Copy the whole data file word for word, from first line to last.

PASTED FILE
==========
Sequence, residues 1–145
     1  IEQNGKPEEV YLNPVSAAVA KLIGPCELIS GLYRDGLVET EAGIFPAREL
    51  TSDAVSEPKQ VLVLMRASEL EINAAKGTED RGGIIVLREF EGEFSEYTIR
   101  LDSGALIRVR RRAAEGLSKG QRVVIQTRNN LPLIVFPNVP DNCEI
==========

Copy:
Sequence, residues 1–145
     1  IEQNGKPEEV YLNPVSAAVA KLIGPCELIS GLYRDGLVET EAGIFPAREL
    51  TSDAVSEPKQ VLVLMRASEL EINAAKGTED RGGIIVLREF EGEFSEYTIR
   101  LDSGALIRVR RRAAEGLSKG QRVVIQTRNN LPLIVFPNVP DNCEI